As a purly hunter, I have hitherto beaten about the circuit of the forest of this microcosm, and followed only those outward adventitious causes. I will now break into the inner room, and rip up the antecedent immediate causes which are there to be found. For as the distraction of the mind, amongst other outward causes and perturbations, alters the temperature of the body, so the distraction and distemper of the body will cause a distemperature of the soul, and 'tis hard to decide which of these two do more harm to the other. Plato, Cyprian, and some others, as I have formerly said, lay the greatest fault upon the soul, excusing the body; others again accusing the body, excuse the soul, as a principal agent. Their reasons are, because "the manners do follow the temperature of the body," as Galen proves it in his book of that subject, Prosper Calenius de Atra bile, Jason Pratensis, c. de Mania. Lemnius, l.4. c.16. and many others. And that which Gualter hath commented, hom. in. epist. Johannis, is most true; concupiscence and original sin, inclinations, and bad humours, are radical in every one of us, causing these perturbations. affections, and several distempers offering many times violence unto the soul. "Every man is tempted by his own concupiscence" (James i. 14), the spirit is willing but the flesh is weak, and rebelleth against the spirit, as our apostle teacheth us: that methinks the soul hath the better plea against the body, which so forcibly inclines us, that we cannot resist, Nec nos obniti contra, nec tendere tantum sufficimus. How the body being material, worketh upon the immaterial soul, by mediation of humours and spirits, which participate of both, and ill-disposed organs, Cornelius Agrippa hath discoursed, lib. 1. de occult. Philos. cap. 63, 64, 65. Levinus Lemnius, lib. 1. de occult. nat. mir. cap. 12. et 16. et 21. institut. ad opt. vit. Perkins, lib. 1. Cases of Cons. cap. 12. T. Bright, c. 10, 11, 12. "in his treatise of melancholy," for as anger, fear, sorrow, obtrectation, emulation, &c., si mentis intimos recessus occuparint, saith Lemnius, corpori quoque infesta sunt, et illi teterrimos morbos inferunt, cause grievous diseases in the body, so bodily diseases affect the soul by consent. Now the chiefest causes proceed from the heart, humours, spirits: as they are purer, or impurer, so is the mind, and equally suffers, as a lute out of tune, if one string or one organ be disteinpered, all the rest miscarry, corpus onustum hesternis vitiis, animum quoque prægravat una. The body is domicilium animæ, her house, abode, and stay; and as a torch gives a better light, a sweeter smell, according to the matter it is made of; so doth our soul perform all her actions, better or worse, as her organs are disposed; or as wine savours of the cask wherein it is kept; the soul receives a tincture from the body through which it works. We see this in old men, children, Europeans; Asians, hot and cold climes; sanguine are merry; melancholy, sad; phlegmatic, dull; by reason of abundance of those humours, and they cannot resist such passions which are inflicted by them. For in this infirmity of human nature, as Melancthon declares, the understanding is so tied to, and captivated by his inferior senses, that without their help he cannot exercise his functions, and the will being weakened, hath but a small power to restrain those outward parts, but suffers herself to be overruled by them; that I must needs conclude with Lemnius, spiritus et humores maximum nocumentum obtinent, spirits and humours do most harm in troubling the soul. How should a man choose but be choleric and angry, that hath his body so dogged with abundance of gross humours or melancholy, that is so inwardly disposed? That thence comes then this malady, madness, apoplexies, lethargies, &c., it may not he denied.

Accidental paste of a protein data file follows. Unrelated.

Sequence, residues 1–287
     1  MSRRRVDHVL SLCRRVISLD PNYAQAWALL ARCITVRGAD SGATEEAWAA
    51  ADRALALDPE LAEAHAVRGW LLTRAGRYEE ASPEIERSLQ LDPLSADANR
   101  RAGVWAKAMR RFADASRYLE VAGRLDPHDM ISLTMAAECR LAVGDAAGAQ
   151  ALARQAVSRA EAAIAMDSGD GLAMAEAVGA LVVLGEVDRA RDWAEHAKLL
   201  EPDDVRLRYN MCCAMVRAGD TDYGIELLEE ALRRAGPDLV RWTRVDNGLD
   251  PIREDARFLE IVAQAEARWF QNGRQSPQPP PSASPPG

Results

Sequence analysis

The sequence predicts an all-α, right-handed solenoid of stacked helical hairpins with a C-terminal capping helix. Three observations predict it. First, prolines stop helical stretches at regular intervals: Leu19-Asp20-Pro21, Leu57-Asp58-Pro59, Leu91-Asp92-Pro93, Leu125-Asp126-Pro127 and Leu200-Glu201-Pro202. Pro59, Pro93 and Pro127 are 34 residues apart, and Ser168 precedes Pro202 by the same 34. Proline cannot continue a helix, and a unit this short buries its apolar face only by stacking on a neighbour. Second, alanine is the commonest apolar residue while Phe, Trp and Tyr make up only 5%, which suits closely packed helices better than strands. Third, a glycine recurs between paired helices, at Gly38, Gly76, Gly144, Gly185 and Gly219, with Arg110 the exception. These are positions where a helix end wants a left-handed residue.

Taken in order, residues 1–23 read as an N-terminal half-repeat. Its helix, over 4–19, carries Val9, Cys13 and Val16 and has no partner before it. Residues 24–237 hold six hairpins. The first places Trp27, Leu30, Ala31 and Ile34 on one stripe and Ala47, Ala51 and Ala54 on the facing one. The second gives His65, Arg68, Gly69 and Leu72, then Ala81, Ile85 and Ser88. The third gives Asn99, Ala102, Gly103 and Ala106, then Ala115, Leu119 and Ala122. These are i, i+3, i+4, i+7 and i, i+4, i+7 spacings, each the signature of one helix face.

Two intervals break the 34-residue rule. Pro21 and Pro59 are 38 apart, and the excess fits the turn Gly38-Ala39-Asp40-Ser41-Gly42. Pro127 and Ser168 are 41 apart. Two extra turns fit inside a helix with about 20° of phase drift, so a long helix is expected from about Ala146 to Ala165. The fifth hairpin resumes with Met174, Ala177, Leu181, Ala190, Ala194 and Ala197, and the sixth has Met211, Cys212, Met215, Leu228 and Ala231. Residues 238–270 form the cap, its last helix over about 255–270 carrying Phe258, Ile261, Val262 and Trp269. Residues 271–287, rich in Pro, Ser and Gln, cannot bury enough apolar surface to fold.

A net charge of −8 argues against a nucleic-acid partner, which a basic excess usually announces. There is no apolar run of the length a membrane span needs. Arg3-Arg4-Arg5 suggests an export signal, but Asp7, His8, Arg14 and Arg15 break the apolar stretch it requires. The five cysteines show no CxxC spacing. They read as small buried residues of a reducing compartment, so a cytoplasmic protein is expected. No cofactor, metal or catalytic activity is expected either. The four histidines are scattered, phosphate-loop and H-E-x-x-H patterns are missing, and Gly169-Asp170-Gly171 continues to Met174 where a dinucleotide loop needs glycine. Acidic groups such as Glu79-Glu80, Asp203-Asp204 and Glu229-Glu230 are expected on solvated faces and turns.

Now this body of ours is most part distempered by some precedent diseases, which molest his inward organs and instruments, and so per consequens cause melancholy, according to the consent of the most approved physicians. "This humour (as Avicenna, l. 3. Fen. 1. Tract. 4. c. 18. Arnoldus, breviar. l. 1. 18. Jacchinus, comment. in 9 Rhasis, c. 15. Montaltus, c. 10. Nicholas Piso, c. de Melan. &c., suppose) is begotten by the distemperature of some inward part, innate, or left after some inflammation, or else included in the blood after an ague, or some other malignant disease." This opinion of theirs concurs with that of Galen, l. 3. c. 6. de locis afect. Guianerius gives an instance in one so caused by a quartan ague, and Montanus, consil. 32. in a young man of twenty eight years of age, so distempered after a quartan, which had molested him five years together: Hildesheim, spicel. 2. de Mania, relates of a Dutch baron, grievously tormented with melancholy after a long ague: Galen, l. de atra bile, c. 4. puts the plague a cause. Botaldus in his book de lue vener. c. 2. the French pox for a cause, others phrensy, epilepsy, apoplexy, because those diseases do often degenerate into this. Of suppression of hemorrhoids, hæmorrhagia, or bleeding at the nose, menstruous retentions (although they deserve a larger explication, as being the sole cause of a proper kind of melancholy, in more ancient maids, nuns and widows, handled apart by Rodericus a Castro, and Mercatus, as I have elsewhere signified), or any other evacuation stopped, I have already spoken. Only this I will add, that this melancholy which shall be caused by such infirmities, deserves to be pitied of all men, and to be respected with a more tender compassion, according to Laurentius, as coming from a more inevitable cause.